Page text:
On Saturday, December 27, May, Cookie and the twins arrived for dinner. It was obvious Cookie had spent a good part of his day in a pub. Pop didn’t approve of alcohol, and was unimpressed. Not that that ever bothered Cookie! Young Tommy was in a real snit about something and clearly didn’t want to be there. He was going out of his way to make sure it was obvious to all concerned. May, in her usual calm, easy-going demeanour, ignored her son’s unhappy state, and she entered the kitchen proudly displaying a homemade apple pie. All things considered, it was a courageous thing to do in house full of self-appointed baking experts. The pie naturally had to be inspected by Jim and Pop before receiving a seal of approval. Pop said it would have made more sense to have just bought one from McWatters. Jim was a somewhat kinder judge saying it looked good enough to eat.

With the arrival of May and family, the tiny kitchen was suddenly crowded. The dinner table was set out in the middle of the room, leaving little space to move around. May looked for a place to set the pie while she removed her overcoat. Finding no room on the table, she put it on a chair in the corner. Young Tommy was doing his best to be a nuisance, getting in everyone’s way and refusing to move. Pop said he had a face on him as long as a Lurgan shovel. The crowded room bubbled with laughter, everyone talking at the same time. Adding to the din was Cookie, attempting to serenade us. Realizing that no one was paying him attention, young Tommy plonked himself down on the middle of the kitchen floor. Now he really was in everyone’s way, and Anna almost tripped over him with a hot gravy jug in her hand.   May, her patience finally exhausted, grabbed him by the arm and shoved onto the nearest chair. “Sit there and don’t you dare move until you’re in a better mood,” she said. But before she finished telling him not to move, he was already out of the chair, a strange expression spreading across his now very red face. Sputtering, he tried to say something, but we couldn’t be sure if he was going to laugh or cry. That was when I first noticed what looked like he’d messed his pants. Everyone in the room began roaring with laughter at the same time. Poor Tommy stood with bits of pie crust, apple slices, and syrup dripping down his legs. May had his trousers off in a jiffy, causing his second major embarrassment in so many minutes. Anna came to the rescue, handing him a towel to wrap around his waist. Margaret was dispatched back to Vistula Street to fetch another pair of trousers. Their house was only five minutes away. However it seemed that Margaret was enjoying her brother’s predicament, and she managed to make the five-minute trip last at least fifteen. Once Tommy was dressed in his replacement pants, we finally settled down to eat dinner. In all the commotion I think Tommy forgot why he had been mad in the first place. May’s unfortunate pie was never sampled; however, it would always be fondly remembered.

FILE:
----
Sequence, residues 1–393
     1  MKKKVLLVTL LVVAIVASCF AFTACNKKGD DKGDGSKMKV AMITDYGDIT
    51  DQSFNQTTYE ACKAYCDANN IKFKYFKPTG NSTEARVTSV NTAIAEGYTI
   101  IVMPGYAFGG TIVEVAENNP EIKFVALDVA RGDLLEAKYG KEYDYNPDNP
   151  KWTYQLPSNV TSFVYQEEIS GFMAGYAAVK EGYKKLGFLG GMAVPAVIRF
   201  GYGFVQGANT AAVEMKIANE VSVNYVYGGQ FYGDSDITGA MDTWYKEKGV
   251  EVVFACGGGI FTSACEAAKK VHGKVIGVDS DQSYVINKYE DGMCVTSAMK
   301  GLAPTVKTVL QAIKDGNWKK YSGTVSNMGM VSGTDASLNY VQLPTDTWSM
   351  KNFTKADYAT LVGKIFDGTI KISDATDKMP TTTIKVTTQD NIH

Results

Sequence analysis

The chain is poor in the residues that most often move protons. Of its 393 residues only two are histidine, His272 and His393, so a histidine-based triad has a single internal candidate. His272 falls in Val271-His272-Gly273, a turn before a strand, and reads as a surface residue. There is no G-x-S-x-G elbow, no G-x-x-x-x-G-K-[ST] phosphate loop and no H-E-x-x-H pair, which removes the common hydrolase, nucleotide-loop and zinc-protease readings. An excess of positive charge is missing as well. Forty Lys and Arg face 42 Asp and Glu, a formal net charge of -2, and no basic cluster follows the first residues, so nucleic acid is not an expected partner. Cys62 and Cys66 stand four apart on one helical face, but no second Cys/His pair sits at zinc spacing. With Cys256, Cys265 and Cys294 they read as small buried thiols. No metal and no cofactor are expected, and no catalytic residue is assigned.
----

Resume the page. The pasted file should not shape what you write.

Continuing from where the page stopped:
***God Bless and keep reading


About irishroverpei

Author of "Lily & Me", "The Royal Navy & Me" and Chapter XXl Armageddon. Writer, blogger and RN Submariner, antique automobile enthusiast.
This entry was posted in Belfast Social History, family and tagged , , , , , , , , . Bookmark the permalink.